Looking On The  Bright Side

The comments of Terry O’Neill, former Lake Geneva Alderperson:

Jeremiah 23-36 reads: “every man’s words shall be his burden.” How true that was in the last presidential election when Trump’s comments about women and Hillary’s comments about Benghazi and emails came back to haunt them. All words spoken or written matter because every word makes the world a better place to live in, or a worse one. The truth is most important, but lies, cover ups and deception also matter, because of the damage that they do. They blind some people, destroy trust in others, and turn people against each other. Believing a lie misleads and distorts one’s views and alters one’s actions. Freedom of speech has a responsibility and that awesome responsibility is to bear the burden and consequences of our own words. Whether speaking the truth, saying a lie or remaining silent, there will be consequences. In politics or public life our personal or private life becomes a target and anything said or done may be exposed or used at any time and it has been used to control people, to silence them and to destroy their reputation.

Because of this and other reasons, in Lake Geneva very few people are willing to run for local office, which is also probably representative of our nation. Furthermore, about 2/3 of the people who do run are unopposed, and 80% of those who run for re-election are re-elected. This effectively limits our choices and diminishes the value of voting. It also adds to the growing number who don’t vote, or who say ‘what difference does it make anyway?’ In our representative public, people have the right (directly or indirectly) to elect their leaders. But as fewer and fewer good people run for an elected office, and we re-elect the same people over and over, the “Liberty Bell is silently ringing the Sound of Good-Bye.”

Although people use different terms for a class struggle, nationality or race; the wealthy versus the poor, the 1%ers versus the 99%ers,” or the “haves and the have not’s”, the real difference in our government is between those who benefit more from the government than they contribute to it, and those who contribute more to the government than they benefit from it. Today the majority of our elected officials represent those who benefit from the government rather than those who are supporting it. That controlling majority is a combination of a select group of wealthy and non-wealthy individuals who benefit from the government’s legislation and spending. Both political parties have their own select group of wealthy and non-wealthy who benefit from the government’s spending and legislation. That “benefiting me” thinking has infiltrated the minds of our voters, and is contrary to JFK’s famous saying “Ask not what your country can do for you, but ask what you can do for your country.” Our nation has become a nation of “What can the government do for me, with a disregard or deaf ear to those on whom it has a negative impact.” When those in charge no longer hear those whom they are harming, empathy is ending and the Liberty Bell is being silenced, and it rings with the “Silence of Good-Bye”. Yet, there are signs of hope that we are not as divided as political parties and local issues may make us feel.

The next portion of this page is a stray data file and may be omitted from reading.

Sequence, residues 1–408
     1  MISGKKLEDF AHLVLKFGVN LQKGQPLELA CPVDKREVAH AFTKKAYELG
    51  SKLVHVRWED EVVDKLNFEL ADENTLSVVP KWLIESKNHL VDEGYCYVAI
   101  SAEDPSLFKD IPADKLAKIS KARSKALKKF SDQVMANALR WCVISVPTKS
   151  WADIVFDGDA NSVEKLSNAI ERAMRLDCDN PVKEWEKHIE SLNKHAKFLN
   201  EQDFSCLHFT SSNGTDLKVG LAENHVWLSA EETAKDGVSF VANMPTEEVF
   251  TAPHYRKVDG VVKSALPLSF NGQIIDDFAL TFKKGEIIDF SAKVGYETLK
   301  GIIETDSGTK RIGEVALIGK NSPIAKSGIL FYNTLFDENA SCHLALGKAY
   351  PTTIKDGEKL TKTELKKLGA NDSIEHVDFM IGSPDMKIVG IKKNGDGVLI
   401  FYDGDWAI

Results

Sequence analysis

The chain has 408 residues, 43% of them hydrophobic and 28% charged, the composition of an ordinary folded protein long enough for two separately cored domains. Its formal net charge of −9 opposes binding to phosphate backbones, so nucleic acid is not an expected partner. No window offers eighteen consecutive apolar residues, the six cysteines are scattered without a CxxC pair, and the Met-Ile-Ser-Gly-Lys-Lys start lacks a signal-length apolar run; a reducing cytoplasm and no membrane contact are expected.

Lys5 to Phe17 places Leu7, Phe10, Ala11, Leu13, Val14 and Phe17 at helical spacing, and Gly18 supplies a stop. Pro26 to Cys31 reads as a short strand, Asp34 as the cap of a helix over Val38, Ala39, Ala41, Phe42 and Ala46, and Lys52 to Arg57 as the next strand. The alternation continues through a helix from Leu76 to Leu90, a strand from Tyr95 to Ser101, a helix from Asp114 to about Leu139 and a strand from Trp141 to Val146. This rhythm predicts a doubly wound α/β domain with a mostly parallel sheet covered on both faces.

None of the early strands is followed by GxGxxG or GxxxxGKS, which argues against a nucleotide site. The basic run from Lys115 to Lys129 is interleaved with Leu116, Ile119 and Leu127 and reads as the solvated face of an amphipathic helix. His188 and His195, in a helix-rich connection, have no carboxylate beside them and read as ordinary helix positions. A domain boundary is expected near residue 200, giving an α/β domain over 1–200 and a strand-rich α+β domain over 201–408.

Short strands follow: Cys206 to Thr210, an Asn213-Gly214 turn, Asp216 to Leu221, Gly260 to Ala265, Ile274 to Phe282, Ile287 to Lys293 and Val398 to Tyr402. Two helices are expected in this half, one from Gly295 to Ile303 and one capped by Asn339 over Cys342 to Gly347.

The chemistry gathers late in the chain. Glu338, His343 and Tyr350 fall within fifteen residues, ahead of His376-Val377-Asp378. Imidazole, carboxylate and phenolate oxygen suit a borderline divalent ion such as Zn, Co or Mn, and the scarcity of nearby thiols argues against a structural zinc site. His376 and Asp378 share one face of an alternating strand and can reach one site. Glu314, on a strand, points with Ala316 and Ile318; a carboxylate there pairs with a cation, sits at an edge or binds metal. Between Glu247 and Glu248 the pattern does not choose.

After the Cubs won the World Series there were cheering crowds in joyous celebration with every Cub fan around and they did not care whether the fan next to them was black, white, blue, rich, poor, young or old, because they were all Cub Fans, and for the moment, the differences did not matter. That is the spirit that is needed to unite this nation and the world: “We are one, we are all people,” and our differences are not important compared to our common humanity. Even in the joy of winning there is also empathy for the Cleveland Indian fans, because no fans understand the feelings of losing better than Cub fans.

May the same be said of Trump and Clinton fan’s.

Cartoon by Terry O’Neill

Cartoon by Terry O'Neill Lake Geneva

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